Here we changed the start point and end point so that the X value is .5, and the Y value goes from 0 to 1. The default is a start point of 0,0 and and end point of 1,1. We can do a gradient along the X axis like this:

<Grid.Background>
    <LinearGradientBrush StartPoint="0,.5" EndPoint="1,.5">
        <GradientStop Offset="0" Color="Red"/>
        <GradientStop Offset="1" Color="Blue"/>
    </LinearGradientBrush>
</Grid.Background>

image

You can have any number of gradient stops, let’s add another:

<Grid.Background>
    <LinearGradientBrush StartPoint="0,.5" EndPoint="1,.5">
        <GradientStop Offset="0" Color="Red"/>
        <GradientStop Offset=".5" Color="Yellow"/>
        <GradientStop Offset="1" Color="Blue"/>
    </LinearGradientBrush>
</Grid.Background>

image

The colors blend from one to the other between the gradient stops, but let’s say you wanted a sharp transition. We can do something like this:

<Grid.Background>
     <LinearGradientBrush StartPoint="0,.5" EndPoint="1,.5">
         <GradientStop Offset="0" Color="Orange"/>
         <GradientStop Offset=".5" Color="Red"/>
         <GradientStop Offset=".5" Color="Yellow"/>
         <GradientStop Offset="1" Color="Blue"/>
     </LinearGradientBrush>
 </Grid.Background>

By having 2 gradient stops at the same offset, the transition between those 2 colors is immediate and gives us a sharp change in color:

image

So far the StartPoint and the EndPoint have encompassed the entire surface. What if we change the EndPoint to halfway?

<LinearGradientBrush StartPoint="0,.5" EndPoint=".5,.5">
    <GradientStop Offset="0" Color="Orange"/>
    <GradientStop Offset=".5" Color="Red"/>
    <GradientStop Offset=".5" Color="Yellow"/>
    <GradientStop Offset="1" Color="Blue"/>
</LinearGradientBrush>

And this is the result:

image

There is another property on the LinearGradientBrush called SpreadMethod which determines what happens in the parts of the surface that the brush doesn’t cover. This deafaults to “Pad”, where the extra area is filled with whatever the last color was. There are a couple of other options, one is Reflect:

<LinearGradientBrush StartPoint="0,.5" EndPoint=".5,.5" SpreadMethod="Reflect">

image

Pretty cool. The other is Repeat:

<LinearGradientBrush StartPoint="0,.5" EndPoint=".5,.5" SpreadMethod="Repeat">

image

A long post, but there are a lot of options with this Brush. Be creative and try your own combinations.

Blend for Visual Studio 2015–A New Beginning

When doing XAML development, some things are just so much easier to do in Blend for Visual Studio (formerly called Expression Blend). These usually lean towards the designery side of things, creating styles and templates, adding animations and visual states, etc. This being said, Blend had some real drawbacks. It could be slow, especially on large solutions. It didn’t support solution folders and your solution would show up as a flat tree structure. The XAML source editor didn’t provide as much functionality as was available in the Visual Studio editor. Source control wasn’t fully featured, and a few other things.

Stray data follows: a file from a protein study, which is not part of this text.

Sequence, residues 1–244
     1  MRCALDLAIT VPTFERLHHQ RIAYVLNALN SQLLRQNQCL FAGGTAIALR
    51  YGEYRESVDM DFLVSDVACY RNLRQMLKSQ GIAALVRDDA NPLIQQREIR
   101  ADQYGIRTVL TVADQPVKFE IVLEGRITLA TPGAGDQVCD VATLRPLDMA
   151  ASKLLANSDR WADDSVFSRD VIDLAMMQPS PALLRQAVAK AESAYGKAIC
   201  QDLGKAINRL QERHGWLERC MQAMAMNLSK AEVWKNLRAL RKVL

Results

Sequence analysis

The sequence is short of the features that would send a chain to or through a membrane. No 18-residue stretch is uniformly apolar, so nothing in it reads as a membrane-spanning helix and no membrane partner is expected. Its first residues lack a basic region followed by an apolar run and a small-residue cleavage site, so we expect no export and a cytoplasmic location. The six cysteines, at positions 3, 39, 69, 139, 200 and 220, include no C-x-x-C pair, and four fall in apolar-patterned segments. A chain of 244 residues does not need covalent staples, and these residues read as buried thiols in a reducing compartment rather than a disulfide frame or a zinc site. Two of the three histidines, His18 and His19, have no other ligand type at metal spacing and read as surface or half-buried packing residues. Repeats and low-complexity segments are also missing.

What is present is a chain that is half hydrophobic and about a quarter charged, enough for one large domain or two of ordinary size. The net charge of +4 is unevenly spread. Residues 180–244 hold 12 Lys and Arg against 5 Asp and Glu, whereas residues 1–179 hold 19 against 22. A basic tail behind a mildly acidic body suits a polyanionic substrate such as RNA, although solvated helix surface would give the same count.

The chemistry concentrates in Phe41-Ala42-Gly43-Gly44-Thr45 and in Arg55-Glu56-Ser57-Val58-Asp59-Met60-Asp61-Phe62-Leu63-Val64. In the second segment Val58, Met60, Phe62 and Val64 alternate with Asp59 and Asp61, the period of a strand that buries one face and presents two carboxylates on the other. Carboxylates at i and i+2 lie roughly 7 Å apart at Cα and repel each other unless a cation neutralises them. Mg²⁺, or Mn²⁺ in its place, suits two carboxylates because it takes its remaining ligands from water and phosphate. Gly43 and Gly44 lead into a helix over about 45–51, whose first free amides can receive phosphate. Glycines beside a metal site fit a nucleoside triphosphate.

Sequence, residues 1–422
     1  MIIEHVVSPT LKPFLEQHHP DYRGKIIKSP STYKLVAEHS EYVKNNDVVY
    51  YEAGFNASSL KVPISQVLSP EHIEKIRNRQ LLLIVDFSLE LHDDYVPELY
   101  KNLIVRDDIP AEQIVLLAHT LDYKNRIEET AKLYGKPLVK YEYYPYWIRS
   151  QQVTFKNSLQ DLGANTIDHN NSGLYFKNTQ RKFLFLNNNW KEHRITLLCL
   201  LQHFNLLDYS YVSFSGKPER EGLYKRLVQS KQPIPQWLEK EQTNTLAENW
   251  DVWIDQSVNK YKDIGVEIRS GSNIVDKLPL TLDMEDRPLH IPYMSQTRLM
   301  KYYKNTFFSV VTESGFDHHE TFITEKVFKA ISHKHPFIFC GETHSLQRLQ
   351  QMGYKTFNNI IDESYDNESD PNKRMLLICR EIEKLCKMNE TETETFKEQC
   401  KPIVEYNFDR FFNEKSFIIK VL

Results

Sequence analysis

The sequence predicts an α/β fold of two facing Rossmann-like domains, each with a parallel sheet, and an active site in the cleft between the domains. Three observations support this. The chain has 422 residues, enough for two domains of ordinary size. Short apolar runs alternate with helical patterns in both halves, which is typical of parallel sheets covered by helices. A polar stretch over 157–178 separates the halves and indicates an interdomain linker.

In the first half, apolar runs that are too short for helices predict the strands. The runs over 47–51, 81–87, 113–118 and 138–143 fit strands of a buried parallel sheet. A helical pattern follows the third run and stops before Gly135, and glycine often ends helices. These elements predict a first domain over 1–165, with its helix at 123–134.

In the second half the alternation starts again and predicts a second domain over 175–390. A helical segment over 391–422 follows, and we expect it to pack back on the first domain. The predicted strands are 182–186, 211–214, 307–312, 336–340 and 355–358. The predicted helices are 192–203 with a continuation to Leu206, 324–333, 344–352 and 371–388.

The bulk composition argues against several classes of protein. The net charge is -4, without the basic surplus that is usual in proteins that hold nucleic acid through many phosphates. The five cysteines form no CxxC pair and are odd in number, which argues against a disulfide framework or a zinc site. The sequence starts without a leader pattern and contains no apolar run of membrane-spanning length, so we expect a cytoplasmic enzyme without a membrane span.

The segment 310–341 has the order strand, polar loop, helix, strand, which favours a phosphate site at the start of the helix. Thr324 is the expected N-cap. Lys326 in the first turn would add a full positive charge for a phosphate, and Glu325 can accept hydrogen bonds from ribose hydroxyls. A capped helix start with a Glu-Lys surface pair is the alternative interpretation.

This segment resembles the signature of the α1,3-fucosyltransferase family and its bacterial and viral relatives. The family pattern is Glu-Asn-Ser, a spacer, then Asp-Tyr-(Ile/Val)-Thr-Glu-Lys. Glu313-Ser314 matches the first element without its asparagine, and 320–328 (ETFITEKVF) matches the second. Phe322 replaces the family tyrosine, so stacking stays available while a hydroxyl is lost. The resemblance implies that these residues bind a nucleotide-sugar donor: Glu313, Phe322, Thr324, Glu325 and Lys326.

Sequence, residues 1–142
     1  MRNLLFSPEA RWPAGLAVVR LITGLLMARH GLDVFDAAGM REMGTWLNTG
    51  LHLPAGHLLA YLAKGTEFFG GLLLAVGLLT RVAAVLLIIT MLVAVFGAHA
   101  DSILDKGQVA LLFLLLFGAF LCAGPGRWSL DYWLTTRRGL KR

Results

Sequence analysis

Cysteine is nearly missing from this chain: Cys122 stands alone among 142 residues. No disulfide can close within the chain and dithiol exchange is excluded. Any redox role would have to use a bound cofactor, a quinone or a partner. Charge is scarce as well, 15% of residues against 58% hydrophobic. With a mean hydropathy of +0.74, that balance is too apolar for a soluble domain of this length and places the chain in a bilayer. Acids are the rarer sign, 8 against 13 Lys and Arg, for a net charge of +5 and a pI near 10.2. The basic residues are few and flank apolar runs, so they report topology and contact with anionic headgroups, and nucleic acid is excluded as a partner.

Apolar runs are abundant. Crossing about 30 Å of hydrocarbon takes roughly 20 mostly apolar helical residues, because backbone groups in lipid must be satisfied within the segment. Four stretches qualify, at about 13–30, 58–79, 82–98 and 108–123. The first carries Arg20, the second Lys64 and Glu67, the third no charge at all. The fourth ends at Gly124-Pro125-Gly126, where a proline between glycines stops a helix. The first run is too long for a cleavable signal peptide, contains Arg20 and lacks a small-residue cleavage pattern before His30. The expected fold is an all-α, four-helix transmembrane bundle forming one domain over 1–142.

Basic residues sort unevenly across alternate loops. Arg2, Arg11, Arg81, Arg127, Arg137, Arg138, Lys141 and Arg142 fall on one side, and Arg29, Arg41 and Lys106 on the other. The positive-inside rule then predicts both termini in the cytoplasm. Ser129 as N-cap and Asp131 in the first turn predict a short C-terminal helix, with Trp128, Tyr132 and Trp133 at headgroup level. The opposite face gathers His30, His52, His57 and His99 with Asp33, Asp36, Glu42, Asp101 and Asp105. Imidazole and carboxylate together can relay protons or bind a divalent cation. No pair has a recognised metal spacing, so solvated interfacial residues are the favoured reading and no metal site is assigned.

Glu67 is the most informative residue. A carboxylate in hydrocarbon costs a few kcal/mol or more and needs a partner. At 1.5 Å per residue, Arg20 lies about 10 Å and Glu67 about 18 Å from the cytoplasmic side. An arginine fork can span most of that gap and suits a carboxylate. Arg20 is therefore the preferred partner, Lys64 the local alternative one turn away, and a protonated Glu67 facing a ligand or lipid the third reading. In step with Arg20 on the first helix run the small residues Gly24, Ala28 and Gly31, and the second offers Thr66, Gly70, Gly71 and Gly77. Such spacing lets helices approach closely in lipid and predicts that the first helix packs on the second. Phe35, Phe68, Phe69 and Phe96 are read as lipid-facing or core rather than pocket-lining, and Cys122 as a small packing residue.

This has all changed with Blend for Visual Studio 2015. It is now based on the same shell as Visual Studio, even though it still runs as a separate application. This means it can take advantage of what Visual Studio provides out of the box instead of implementing its own thing for the features above, and provides parity with Visual Studio 2015. On top of this it still provides its own unique feature set to help with all of the things it was good at before. Kind of like a best of both worlds scenario. If you haven’t looked at Blend in a while, it’s a good time to take another look. It will make you a much more productive XAML developer.

image

Now that the Blend team can focus on providing features instead of spending time duplicating what Visual Studio provides, I look forward to seeing what they come up with in the future to make XAML development easier. If there are any features you specifically want to see, go to the UserVoice site for Blend here and let the team know: https://visualstudio.uservoice.com/forums/121579-visual-studio/category/90110-blend-for-visual-studio

XAML 101: Colors and SolidColorBrush

Source code for this sample on GitHub: https://github.com/billreiss/xamlnative/tree/master/Xaml101/006_SolidColorBrush

Create a new “Universal Blank App” project, or use the HelloXaml project we created earlier. In MainPage.xaml, change the Grid to look like this:

<Grid Background="Red">
</Grid>

When we run this, we just get a red background for the page:

image

Looks pretty simple, but there is a bit more going on behind the scenes, and the UWP framework does some things for us to help out. First of all, Red is a predefined color. There are many of these, and it can be easier and more descriptive than specifying a hex value. That being said, this is equivalent to what’s above:

<Grid Background="#FFFF0000">
</Grid>

The first “FF” is the transparency value, and a value of “FF” is fully opaque. The the other pairs are red, green, and blue respectively. So we have full red, and no green or blue. The transparency value is optional if you want no transparency, so this is also equivalent:

<Grid Background="#FF0000">
</Grid>

 

Now if you look at the definition of the Grid.Background property, it looks like this:

image

So we see that Background is of type Brush, and not Color. Most places in XAML that take a color (backgrounds, border colors, foregrounds) are of type Brush. When a color is specified for Background, like Red, this value is converted automatically to a SolidColorBrush for you, so that you don’t have to use the longer form of specifying a SolidColorBrush of type Red, but we can do that:

<Grid>
    <Grid.Background>
        <SolidColorBrush Color="Red"/>
    </Grid.Background>
</Grid>

And this is exactly the same when it is drawn.

There are some more interesting brushes available and in the next post we will look at another of these, the LinearGradientBrush.